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Charles Camp

Electrical Engineer

Research Interests

My research interests lie at the intersection of science and engineering in developing and applying advanced optical techniques towards the analysis of chemical and biological specimens. Over the last decade, the availability of high-performance, high-speed lasers and detectors has greatly expanded; thus, offering exciting possibilities towards developing new optical modalities for studying light-matter interactions and to further apply these techniques towards real-world biological and medical problems. My specific interests encompass a variety of topics, such as:
 

  • Chemically-specific and functional microscopy modalities using such techniques as broadband coherent anti-Stokes Raman scattering (BCARS), multiplex stimulated Raman scattering (SRS), and Brillouin scattering
  • Multivariate and N-way numerical techniques to prepare, denoise, reduce, and analyze multidimensional hyperspectral data
  • Protocols and methods to quantify information distilled from hyperspectral imagery (both inter-sample and intra-sample, and from different instruments)
  • Hyperspectral data visualization
  • Applications of microspectroscopy (microscopy + spectroscopy) to medicine and biology


BCARS image of murine liver tissue with various hepatic structures identified.
Credit: Charles Camp/NIST
Pseudcolor, Label-Free BCARS Image of Murine Liver Tissue: (a) BCARS image of murine liver tissue with various hepatic structures identified: V, vein; A, artery; B, bile duct; En, endothelial cell; Ep, epithelial cell. (b) Single-color images corresponding to particular biomolecules. (c) Single-pixel spectra from different tissue structures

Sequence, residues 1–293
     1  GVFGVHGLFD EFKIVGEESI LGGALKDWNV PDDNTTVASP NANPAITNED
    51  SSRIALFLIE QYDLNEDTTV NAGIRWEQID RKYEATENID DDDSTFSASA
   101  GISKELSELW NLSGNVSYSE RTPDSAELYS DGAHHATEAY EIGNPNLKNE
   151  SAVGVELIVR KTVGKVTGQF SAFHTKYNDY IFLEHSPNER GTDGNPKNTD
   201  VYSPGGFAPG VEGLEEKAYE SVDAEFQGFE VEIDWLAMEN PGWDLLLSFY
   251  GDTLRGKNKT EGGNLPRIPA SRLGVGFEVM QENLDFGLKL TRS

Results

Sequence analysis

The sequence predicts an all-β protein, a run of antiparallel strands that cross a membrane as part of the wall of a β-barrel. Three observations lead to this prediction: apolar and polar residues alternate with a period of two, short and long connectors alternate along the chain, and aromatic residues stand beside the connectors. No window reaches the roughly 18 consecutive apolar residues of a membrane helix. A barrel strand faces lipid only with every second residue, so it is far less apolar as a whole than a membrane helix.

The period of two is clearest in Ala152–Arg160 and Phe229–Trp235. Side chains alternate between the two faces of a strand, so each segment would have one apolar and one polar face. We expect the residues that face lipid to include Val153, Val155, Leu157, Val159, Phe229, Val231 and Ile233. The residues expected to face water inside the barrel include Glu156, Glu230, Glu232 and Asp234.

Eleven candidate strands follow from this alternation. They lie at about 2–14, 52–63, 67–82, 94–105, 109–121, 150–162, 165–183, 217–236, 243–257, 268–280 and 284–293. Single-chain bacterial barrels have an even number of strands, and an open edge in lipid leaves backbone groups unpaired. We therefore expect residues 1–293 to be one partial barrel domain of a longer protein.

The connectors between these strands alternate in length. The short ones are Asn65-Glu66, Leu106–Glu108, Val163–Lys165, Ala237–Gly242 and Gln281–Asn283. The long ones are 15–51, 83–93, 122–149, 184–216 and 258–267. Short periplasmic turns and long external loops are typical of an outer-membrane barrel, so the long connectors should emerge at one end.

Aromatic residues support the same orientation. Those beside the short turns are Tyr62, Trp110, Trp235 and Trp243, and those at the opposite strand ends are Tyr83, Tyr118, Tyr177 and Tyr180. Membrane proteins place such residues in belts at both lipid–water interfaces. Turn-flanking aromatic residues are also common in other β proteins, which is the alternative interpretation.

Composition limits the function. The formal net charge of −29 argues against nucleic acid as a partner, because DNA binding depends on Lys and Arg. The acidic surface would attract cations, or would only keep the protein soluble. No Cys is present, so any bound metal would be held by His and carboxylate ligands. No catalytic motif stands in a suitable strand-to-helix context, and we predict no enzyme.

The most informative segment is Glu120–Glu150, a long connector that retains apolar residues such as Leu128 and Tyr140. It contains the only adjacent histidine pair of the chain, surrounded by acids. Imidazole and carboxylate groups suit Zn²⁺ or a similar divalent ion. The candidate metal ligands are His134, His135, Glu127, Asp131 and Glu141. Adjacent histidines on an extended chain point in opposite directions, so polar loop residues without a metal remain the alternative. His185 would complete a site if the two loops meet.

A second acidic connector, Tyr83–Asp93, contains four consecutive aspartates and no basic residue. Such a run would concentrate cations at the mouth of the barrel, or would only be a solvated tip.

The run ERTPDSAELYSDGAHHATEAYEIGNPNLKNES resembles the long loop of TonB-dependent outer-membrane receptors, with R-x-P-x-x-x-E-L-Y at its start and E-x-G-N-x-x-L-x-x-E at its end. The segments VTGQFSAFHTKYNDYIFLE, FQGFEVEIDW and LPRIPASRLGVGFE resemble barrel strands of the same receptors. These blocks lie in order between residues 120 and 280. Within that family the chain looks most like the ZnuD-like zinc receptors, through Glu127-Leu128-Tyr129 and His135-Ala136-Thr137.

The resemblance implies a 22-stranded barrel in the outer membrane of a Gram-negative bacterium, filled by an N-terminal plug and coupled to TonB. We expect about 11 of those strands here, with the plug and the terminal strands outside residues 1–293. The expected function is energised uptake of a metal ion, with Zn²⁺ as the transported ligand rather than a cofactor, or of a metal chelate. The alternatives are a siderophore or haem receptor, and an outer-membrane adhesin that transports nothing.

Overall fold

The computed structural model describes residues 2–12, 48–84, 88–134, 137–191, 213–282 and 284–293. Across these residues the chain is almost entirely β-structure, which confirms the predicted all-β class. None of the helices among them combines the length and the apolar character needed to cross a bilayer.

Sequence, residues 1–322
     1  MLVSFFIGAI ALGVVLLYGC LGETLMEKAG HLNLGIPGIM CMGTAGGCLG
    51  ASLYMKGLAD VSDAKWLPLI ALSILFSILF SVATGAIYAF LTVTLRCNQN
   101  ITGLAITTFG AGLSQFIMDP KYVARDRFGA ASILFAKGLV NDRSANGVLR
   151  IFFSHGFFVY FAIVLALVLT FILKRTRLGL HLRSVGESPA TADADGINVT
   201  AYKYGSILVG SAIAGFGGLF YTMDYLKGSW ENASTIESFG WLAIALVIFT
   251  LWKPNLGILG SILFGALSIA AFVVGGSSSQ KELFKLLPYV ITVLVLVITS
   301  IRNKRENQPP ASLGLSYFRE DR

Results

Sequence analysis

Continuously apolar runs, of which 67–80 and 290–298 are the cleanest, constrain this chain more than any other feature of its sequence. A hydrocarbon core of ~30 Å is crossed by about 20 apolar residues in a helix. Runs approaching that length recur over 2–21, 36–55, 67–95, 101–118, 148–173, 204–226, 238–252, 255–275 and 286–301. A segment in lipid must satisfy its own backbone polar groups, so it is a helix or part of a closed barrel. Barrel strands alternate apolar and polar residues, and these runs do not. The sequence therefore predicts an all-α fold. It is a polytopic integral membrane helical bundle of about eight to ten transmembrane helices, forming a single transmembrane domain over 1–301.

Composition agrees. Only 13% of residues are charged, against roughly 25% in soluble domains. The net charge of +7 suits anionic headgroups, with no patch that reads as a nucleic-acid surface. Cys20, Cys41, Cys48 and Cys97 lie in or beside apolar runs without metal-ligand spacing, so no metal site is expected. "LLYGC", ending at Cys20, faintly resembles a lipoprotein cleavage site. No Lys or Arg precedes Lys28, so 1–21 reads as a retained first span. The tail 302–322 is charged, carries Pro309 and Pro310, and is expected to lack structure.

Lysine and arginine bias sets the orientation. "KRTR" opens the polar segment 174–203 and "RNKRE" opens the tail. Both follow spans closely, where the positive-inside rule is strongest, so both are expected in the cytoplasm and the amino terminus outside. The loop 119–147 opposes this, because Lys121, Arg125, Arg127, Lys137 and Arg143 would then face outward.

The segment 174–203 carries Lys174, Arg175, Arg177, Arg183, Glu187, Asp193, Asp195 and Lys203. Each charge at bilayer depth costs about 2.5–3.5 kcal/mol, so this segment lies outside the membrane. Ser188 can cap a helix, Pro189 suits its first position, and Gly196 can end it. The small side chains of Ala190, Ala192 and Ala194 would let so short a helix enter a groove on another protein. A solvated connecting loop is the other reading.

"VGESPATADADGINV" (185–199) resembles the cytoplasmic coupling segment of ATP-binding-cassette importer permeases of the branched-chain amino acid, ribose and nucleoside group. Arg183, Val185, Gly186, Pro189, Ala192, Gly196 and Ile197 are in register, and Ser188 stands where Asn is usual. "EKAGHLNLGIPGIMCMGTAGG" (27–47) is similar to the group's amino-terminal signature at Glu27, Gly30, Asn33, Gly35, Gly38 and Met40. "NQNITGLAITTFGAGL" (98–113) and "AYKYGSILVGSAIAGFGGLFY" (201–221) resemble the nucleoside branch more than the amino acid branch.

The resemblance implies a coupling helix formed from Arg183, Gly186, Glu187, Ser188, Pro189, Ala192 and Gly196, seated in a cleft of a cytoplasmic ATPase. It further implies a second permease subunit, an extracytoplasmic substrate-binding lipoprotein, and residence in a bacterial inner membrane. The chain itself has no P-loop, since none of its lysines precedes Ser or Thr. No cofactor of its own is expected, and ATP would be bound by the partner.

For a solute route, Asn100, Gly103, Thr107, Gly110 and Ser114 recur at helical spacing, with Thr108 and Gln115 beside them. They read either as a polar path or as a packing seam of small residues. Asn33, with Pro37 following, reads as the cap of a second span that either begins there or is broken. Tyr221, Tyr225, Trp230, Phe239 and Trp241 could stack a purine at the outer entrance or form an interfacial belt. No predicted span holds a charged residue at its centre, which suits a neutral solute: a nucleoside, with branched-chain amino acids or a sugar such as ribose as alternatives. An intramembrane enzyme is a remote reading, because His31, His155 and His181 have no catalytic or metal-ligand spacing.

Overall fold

For prospective post-doctoral fellows

Post-doctoral fellowships are available through the National Research Council (NRC) Research Associateship Program (RAP-- http://sites.nationalacademies.org/pga/rap/). The Biomaterials group is constantly updating the list of Research Opportunities. We are a very interdisciplinary group composed of chemists, chemical engineers, biomedical engineers, electrical engineers, biologists, physicists, and more. We are looking for prospective postdocs with the following background: 

  • Optics and photonics (spectroscopy, nonlinear optics/spectroscopy, hyperspectral imaging) 
  • Applied mathematics or signal processing (multivariate analysis/chemometrics, N-way math, statistics, data visualization) 
  • Optical detectors (NIR and IR, high-speed integrated detectors with active electronics on-board) 
  • Expertise with LabView and MATLAB
  • Competency in C/C++, Python, CUDA, and/or FPGA programming a plus. Experience with cell culture, histological sample prep, and staining (fluorescence or absorptive [e.g., H&E]) a plus as well

The application process is highly competitive with application deadlines February 1 and August 1. Your submitted application package will include:

  • Research proposal (10 pages, max)
  • 4 references
  • Transcripts (from all institutions)

About the NRC-RAP program at NIST: 

  • 2-year fellowship (as a Federal employee)
  • Stipend $66,256, full benefits, and relocation expenses
  • US Citizens only

For more information see: http://sites.nationalacademies.org/PGA/RAP/index.htm 

A helpful flowchart on the application process: http://sites.nationalacademies.org/PGA/cs/groups/pgasite/documents/webpage/pga_063281.pdf 

N.B.: NIST administrates its own NRC-RAP fellows; thus, there are some differences between the benefits and process for NRC fellows at NIST and other institutions. These differences are highlighted throughout the RAP program webpages. For further information, feel free to contact me.

 

Selected Publications

 

Publications

Broadband Coherent Anti-Stokes Raman Scattering

Author(s)
Charles H. Camp
Broadband coherent anti-Stokes Raman scattering (BCARS) microspectroscopy is a unique label-free imaging modality that provides detailed chemical information at

Beam-Scanning for Rapid Coherent Raman Hyperspectral Imaging

Author(s)
Seungwan Ryu, Charles H. Camp, Ying Jin, Marcus T. Cicerone, Young J. Lee
Coherent Raman imaging requires high peak power laser pulses to maximize the nonlinear multiphoton signal generation, but accompanying photo-induced sample
Created August 27, 2019, Updated November 14, 2019